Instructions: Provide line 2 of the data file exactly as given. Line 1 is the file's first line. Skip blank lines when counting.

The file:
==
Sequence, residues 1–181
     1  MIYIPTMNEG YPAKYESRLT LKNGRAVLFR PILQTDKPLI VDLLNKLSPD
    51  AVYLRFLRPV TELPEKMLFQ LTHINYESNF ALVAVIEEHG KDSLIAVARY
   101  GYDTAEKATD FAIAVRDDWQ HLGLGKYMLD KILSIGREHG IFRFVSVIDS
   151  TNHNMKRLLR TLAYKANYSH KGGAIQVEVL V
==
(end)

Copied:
     1  MIYIPTMNEG YPAKYESRLT LKNGRAVLFR PILQTDKPLI VDLLNKLSPD